Most teenagers have a healthy amount of exam stress. However, some teenagers may suffer with an unhealthy amount. For instance, some teenagers may display signs of severe anxiety, insomnia, loss of appetite, and many more. This happens to be the case for my girls who both suffer from extreme test anxiety.

If you recognize any of these symptoms, it’s worth talking to your teen about what you see. Make sure your teen knows that physical and mental health should always take priority over exams and you’re always there to talk if she needs to.

Let Little Things Go

Perhaps your teenager has a chore list to do around the home. Maybe she’s responsible for walking the dog in her spare time. During exam season, these things need a little more flexibility.

If you notice dirty plates in his room and his dirty clothes are still unwashed, give her a pass. You can help her by taking on a few of these jobs so she has more free time to study without feeling overwhelmed by everything she has to do.

Be Positive

Have you ever read the information on a page three times and still not been able to take it in?  Preparing for exams takes a lot of effort and there will be times when your teen may feel like she’s failing. Be positive and supportive during this time so she knows you believe in her.

Make her feel like as long as he does her best, she can’t fail. Empower her to be confident. No matter what the outcome of her exams are, she can forge her own path if she works at it. Where there’s a will, there is always a way.

Study Space

If you’re able to, create a dedicated study space for your teen that will help to set her up for success. If she’s trying to study in the room she shares with a younger sibling, it may be hard to get anything done. Find a quiet and secluded place for her to study, even if it’s just temporary.

It’s also worth explaining to other family members ( younger siblings, I’m talking to you) that your teen needs space and quiet while she studies. Doing well in exams can be a whole family effort when your teen needs a helping hand.


Teens cannot live on studying alone. The brain doesn’t work as well without good blood and oxygen flow. Encourage your teen to take walking breaks to get her body moving. It could be as simple as getting up and walking up and down the stairs in your home.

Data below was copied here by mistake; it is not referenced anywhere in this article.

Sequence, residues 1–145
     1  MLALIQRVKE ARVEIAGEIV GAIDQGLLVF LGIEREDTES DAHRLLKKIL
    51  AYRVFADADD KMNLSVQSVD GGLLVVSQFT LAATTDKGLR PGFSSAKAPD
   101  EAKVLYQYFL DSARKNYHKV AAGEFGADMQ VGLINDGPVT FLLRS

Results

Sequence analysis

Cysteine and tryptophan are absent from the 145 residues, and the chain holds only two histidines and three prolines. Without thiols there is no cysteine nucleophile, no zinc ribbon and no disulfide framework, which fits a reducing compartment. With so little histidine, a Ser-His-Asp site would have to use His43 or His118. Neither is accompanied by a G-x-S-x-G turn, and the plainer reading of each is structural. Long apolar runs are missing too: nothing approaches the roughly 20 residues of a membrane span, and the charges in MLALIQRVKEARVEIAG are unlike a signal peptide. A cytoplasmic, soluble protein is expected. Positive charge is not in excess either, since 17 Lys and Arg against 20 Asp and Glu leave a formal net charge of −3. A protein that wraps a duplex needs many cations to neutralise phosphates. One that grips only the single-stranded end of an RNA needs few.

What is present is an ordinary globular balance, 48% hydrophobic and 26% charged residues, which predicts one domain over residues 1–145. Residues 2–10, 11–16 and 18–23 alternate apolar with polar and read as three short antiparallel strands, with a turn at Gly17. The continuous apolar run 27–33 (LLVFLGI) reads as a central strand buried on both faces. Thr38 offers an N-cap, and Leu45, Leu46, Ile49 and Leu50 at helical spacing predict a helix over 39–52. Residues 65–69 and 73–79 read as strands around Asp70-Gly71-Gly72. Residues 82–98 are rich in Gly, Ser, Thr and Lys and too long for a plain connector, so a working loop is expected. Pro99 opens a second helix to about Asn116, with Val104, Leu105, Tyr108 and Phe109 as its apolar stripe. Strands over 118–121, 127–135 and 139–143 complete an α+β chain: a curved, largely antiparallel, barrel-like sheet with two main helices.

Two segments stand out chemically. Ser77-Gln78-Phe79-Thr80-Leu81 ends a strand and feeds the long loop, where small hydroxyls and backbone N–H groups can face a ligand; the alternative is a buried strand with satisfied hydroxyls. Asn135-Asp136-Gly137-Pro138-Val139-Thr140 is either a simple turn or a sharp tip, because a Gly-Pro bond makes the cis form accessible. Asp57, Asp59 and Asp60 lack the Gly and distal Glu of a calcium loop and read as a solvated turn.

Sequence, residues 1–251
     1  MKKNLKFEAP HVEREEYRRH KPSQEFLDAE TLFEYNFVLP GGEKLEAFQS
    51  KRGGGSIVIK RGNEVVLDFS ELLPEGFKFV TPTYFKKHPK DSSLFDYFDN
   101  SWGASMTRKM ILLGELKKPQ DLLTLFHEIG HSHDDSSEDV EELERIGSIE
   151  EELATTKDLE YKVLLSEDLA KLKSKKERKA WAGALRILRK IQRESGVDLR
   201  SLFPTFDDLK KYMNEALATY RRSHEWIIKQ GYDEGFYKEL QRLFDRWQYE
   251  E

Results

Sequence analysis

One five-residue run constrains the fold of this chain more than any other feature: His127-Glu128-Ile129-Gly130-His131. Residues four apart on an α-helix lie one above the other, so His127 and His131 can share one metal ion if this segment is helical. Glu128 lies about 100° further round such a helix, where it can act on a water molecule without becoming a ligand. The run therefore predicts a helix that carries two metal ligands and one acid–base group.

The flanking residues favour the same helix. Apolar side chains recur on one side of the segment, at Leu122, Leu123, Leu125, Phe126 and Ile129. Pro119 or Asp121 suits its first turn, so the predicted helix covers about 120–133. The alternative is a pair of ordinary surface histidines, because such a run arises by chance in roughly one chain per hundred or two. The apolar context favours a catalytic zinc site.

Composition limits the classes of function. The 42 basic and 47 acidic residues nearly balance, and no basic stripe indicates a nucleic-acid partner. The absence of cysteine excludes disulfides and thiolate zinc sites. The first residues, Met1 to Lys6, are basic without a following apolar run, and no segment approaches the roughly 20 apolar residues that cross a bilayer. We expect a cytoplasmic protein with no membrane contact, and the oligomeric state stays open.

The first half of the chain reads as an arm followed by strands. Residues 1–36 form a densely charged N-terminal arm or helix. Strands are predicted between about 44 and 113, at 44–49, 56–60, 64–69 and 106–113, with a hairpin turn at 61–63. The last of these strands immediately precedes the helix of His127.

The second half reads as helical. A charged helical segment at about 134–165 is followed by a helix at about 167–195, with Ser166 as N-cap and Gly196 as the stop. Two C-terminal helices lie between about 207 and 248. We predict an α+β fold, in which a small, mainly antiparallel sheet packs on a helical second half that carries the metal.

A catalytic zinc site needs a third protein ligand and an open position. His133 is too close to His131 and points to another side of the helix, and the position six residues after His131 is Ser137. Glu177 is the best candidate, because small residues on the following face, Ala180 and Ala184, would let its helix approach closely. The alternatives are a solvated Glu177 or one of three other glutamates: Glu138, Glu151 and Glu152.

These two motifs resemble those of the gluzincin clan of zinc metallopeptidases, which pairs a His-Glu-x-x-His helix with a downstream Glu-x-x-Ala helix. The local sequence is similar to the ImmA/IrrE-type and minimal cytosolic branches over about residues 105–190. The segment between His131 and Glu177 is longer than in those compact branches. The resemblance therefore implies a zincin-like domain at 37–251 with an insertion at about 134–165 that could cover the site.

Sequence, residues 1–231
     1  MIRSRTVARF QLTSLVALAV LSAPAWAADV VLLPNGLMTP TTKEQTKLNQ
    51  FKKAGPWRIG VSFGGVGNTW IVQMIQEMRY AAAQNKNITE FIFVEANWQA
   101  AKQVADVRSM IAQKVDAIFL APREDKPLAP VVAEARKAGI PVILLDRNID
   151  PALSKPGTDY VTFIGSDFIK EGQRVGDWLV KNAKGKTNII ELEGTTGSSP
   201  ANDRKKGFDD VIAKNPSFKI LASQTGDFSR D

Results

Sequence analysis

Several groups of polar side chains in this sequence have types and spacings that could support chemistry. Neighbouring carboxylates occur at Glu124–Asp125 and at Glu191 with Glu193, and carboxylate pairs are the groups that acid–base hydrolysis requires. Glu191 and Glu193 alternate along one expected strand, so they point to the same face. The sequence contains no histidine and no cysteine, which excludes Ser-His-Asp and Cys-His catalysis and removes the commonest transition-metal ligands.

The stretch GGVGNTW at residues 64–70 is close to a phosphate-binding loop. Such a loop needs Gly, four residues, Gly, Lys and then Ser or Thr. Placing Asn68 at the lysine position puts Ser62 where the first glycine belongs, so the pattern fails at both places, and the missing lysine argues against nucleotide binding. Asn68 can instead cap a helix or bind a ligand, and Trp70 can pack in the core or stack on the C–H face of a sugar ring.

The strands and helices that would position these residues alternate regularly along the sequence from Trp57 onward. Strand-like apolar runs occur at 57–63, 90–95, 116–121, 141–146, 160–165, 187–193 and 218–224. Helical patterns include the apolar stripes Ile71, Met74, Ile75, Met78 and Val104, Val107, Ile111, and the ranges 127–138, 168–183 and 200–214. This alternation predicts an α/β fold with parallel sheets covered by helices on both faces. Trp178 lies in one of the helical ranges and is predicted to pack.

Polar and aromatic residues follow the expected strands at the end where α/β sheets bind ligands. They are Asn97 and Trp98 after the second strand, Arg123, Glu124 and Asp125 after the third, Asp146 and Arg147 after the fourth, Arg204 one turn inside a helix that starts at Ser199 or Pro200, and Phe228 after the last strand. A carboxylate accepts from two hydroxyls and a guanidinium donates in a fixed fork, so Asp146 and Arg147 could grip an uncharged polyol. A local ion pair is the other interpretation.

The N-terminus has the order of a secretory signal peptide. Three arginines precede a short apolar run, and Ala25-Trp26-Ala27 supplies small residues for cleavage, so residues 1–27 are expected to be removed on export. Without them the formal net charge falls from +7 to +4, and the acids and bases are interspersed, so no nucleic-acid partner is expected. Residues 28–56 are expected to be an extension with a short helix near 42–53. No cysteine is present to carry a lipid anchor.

Even better, go for a walk with your teen outside to get some fresh air too. Healthy body and mind for everyone. This will be a huge boost to your teen and she’ll go back to studying with renewed energy and perspective.

Listen To Any Concerns

Don’t assume your teen has no concerns because she hasn’t voiced any. You may be surprised at what your teen is thinking if you ask her. Take some time to talk to her about how she’s feeling about her exams. And make sure she knows that her feelings are valid.

Try to validate her concerns and offer support. Often the best thing you can do is listen, rather than trying to offer solutions. You don’t always have to be the fixer. If your teen feels heard and supported, other things will fall into place.

Reward Effort

Rather than offering an incentive for results, think about rewarding effort. You’ll be able to see how much effort your teen is putting into her studies. Regardless of the results, if you know your teen has worked hard, reward the effort.

This will show your teen that effort is worthwhile and hard work pays off in many different ways. It could mean that your teen is willing to try again if she should fail this time around.

Ask For Support

If you can see that your child is struggling with a particular subject, it may be worth getting some extra support. An hour a day with a tutor at home could make all the difference to your teens exam results. How your teen is taught will affect how she feels about the subject and exam results.

If your teen hasn’t got a good teacher at school, some extra tuition could change everything, including your teen’s confidence.

You may also like

Leave a Comment

* By using this form you agree with the storage and handling of your data by this website.

This site uses Akismet to reduce spam. Learn how your comment data is processed.

This website uses cookies to improve your experience. We'll assume you're ok with this, but you can opt-out if you wish. Accept Read More